When the doctor finally came in, she grilled me on why I was there. She stated the Mirena wouldn’t be causing the pain. She asked if she could do an internal exam. I consented, on the condition she gave me adequate pain relief before attempting. She then gave me less pain relief than I’d taken at home, and left me for some time while it “kicked in”. As expected, it did nothing, as the dose I’d taken at home had worn off.

The doctor came back in and I told her my pain was not controlled. She promised to be gentle. I begged her to remove the Mirena for me, she was already doing the exam. She just had to lightly pull the strings. She refused. As she tried to insert the speculum, I screamed and a nurse came in.

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I screamed because the metal speculum was getting caught on scarring from my episiotomy scar. I asked her to remove the speculum, add more lubricant and try again. She didn’t listen. I felt the speculum catch and scratch me on the way in, I screamed. She said she could see one of the strings and then it was all over. I still don’t know why she would put me through so much pain and get so close to being able to remove this device I clearly did NOT want in my body, to just “take a look”.

I sobbed the whole way home at how I was treated. This is my body, but I don’t have the right to ask for a foreign body to be removed. Not just any foreign body, but one that releases a synthetic hormone into my system that impacts my mental state. My husband asked me, do we need to lie and say we want to conceive again in order for me to have this thing removed? It’s a great question. This is something that should be straightforward, it is my body and I don’t want the Mirena in there anymore. I had already gone through the pain of a speculum exam, why not just pull it out at the same time?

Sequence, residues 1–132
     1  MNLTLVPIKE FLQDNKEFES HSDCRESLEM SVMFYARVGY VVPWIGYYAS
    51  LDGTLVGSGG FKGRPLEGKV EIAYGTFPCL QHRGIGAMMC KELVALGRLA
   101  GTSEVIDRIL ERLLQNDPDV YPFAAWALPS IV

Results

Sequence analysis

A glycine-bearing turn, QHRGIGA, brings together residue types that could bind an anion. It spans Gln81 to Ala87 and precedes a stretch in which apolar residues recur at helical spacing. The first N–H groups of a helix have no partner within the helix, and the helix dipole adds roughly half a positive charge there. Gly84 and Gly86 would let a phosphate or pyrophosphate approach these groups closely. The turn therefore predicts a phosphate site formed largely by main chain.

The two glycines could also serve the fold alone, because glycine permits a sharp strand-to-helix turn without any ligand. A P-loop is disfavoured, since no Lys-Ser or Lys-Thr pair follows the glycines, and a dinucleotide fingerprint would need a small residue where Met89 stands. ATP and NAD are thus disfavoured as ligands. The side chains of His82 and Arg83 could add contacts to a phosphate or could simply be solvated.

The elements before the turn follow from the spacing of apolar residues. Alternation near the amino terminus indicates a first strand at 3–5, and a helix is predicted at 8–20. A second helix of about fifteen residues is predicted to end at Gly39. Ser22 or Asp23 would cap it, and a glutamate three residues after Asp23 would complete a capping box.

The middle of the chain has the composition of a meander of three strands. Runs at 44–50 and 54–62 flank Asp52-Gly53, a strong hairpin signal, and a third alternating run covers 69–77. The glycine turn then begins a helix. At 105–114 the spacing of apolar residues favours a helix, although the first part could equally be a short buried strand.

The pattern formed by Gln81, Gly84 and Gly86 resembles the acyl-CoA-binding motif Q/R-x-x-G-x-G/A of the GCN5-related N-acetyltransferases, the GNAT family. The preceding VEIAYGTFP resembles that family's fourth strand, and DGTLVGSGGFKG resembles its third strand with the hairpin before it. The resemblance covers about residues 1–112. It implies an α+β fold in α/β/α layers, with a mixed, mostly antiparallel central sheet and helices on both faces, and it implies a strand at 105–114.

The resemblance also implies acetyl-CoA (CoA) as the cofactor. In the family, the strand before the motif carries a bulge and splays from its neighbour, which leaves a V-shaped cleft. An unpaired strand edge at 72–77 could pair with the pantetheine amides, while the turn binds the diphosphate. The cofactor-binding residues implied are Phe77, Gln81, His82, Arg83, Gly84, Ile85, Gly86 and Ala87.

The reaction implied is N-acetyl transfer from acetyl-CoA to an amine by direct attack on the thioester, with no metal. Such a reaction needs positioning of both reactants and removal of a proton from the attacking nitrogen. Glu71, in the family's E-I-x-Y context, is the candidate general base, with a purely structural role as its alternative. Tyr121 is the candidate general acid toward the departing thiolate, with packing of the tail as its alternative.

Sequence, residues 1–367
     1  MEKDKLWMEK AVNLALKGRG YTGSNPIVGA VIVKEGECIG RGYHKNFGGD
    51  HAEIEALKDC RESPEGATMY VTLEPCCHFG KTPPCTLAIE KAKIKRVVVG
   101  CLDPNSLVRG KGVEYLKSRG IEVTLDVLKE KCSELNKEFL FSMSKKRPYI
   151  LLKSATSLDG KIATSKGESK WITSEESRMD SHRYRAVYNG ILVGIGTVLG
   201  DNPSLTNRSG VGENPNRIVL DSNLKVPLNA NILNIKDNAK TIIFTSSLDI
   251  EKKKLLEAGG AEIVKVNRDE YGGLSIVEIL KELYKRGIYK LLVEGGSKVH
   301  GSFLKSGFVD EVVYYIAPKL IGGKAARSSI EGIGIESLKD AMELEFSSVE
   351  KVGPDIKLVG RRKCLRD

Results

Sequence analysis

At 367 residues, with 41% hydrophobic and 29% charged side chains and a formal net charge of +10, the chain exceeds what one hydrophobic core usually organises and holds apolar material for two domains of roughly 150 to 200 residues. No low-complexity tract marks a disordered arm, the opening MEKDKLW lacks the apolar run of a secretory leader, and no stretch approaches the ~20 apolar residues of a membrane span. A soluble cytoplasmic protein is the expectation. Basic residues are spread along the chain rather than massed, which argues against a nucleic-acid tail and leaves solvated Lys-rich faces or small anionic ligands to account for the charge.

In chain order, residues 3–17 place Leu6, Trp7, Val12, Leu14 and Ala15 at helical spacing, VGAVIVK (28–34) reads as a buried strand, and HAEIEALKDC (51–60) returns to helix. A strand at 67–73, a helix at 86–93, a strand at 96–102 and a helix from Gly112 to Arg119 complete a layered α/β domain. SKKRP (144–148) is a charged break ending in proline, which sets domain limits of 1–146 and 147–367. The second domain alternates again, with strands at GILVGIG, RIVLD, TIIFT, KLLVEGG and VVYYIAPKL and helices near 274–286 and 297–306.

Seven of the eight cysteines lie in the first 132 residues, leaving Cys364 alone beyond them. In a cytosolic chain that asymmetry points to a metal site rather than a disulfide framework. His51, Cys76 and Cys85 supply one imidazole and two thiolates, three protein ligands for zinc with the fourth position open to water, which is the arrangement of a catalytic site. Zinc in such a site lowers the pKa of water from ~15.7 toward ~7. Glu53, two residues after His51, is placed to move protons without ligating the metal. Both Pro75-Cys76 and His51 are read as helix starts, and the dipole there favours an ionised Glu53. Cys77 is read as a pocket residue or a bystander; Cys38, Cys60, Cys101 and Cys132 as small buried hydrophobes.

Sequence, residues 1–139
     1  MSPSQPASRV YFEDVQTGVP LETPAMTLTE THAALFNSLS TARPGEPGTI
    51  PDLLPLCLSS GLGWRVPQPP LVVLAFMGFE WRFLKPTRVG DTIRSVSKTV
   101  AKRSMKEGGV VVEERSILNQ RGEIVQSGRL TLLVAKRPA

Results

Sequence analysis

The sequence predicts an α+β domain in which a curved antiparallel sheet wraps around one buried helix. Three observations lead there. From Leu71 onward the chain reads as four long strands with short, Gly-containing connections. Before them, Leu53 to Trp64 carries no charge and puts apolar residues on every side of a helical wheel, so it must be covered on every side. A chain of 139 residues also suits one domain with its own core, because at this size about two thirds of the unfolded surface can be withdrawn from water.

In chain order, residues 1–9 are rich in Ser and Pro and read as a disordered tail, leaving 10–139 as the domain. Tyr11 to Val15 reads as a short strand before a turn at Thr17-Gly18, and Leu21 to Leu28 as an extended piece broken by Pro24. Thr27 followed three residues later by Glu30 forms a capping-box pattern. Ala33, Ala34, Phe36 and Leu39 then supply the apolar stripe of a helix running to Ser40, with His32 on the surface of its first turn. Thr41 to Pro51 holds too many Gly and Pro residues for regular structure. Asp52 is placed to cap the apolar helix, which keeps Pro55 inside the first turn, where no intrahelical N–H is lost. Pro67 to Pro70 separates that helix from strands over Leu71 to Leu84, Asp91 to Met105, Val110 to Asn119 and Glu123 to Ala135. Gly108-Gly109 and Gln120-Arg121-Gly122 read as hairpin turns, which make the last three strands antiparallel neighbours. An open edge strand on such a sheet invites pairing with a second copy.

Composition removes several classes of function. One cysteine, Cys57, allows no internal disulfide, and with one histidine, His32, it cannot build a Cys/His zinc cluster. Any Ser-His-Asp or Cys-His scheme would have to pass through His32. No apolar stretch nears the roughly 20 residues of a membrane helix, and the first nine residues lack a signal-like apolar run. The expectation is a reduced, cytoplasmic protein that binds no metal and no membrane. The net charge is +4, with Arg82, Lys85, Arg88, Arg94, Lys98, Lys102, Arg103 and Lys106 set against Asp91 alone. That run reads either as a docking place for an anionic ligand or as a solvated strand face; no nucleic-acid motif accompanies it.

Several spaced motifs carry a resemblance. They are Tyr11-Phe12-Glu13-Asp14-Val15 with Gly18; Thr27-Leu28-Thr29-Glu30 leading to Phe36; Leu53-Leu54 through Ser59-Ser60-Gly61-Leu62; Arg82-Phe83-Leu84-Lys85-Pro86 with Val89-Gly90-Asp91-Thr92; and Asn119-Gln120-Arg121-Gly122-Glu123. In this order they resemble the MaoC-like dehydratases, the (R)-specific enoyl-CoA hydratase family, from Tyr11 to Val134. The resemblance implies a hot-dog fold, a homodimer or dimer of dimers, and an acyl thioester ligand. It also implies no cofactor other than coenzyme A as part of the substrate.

This is happening whilst having a hormone released into my system 24/7 that my body is sensitive to, causing hypersensitivity and extreme emotional responses. It is a recipe for disaster. In someone less emotionally supported, I shudder to think of the consequences of this type of treatment.

My reason for sharing my story is that no woman should ever have to endure a treatment option they object to. Nor have their right to request its removal taken away from them.

For anyone reading this, DO NOT allow yourself to be pressured into a treatment option that you don’t agree with or feel fully comfortable with. If you or anyone you know are in a similar situation to myself, please stand up for yourself. It is your body and you have a say in what goes into it.

We, as women, deserve far better treatment.

Do NOT let doctors dictate what goes into your body – the same goes for any type of contraceptive.

We deserve to have our pain recognised and treated, not left to suffer.

Who’s with me?

This post was originally posted by Endo Mumma and has been republished with full permission. 

If you, or a young person you know, is struggling with symptoms of mental illness please contact your local headspace centre or chat to them online, here. If you are over the age of 25 and suffering from symptoms of mental illness please contact your local GP for a Mental Health Assessment Plan or call Lifeline Australia on 13 11 14, or beyondblue on 1300 22 4636.

Have you had a negative experience with contraception? Tell us in the comments.